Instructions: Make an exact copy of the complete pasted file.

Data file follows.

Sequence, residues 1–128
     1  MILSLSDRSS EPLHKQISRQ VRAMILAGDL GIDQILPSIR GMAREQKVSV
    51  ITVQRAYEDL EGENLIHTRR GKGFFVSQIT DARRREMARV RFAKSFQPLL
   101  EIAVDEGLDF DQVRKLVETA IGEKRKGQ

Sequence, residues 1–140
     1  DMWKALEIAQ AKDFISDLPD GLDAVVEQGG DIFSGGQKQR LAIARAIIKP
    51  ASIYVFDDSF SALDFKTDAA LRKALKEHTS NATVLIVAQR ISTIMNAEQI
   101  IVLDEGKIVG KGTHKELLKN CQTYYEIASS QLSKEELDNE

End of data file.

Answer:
Sequence, residues 1–128
     1  MILSLSDRSS EPLHKQISRQ VRAMILAGDL GIDQILPSIR GMAREQKVSV
    51  ITVQRAYEDL EGENLIHTRR GKGFFVSQIT DARRREMARV RFAKSFQPLL
   101  EIAVDEGLDF DQVRKLVETA IGEKRKGQ

Sequence, residues 1–140
     1  DMWKALEIAQ AKDFISDLPD GLDAVVEQGG DIFSGGQKQR LAIARAIIKP
    51  ASIYVFDDSF SALDFKTDAA LRKALKEHTS NATVLIVAQR ISTIMNAEQI
   101  IVLDEGKIVG KGTHKELLKN CQTYYEIASS QLSKEELDNE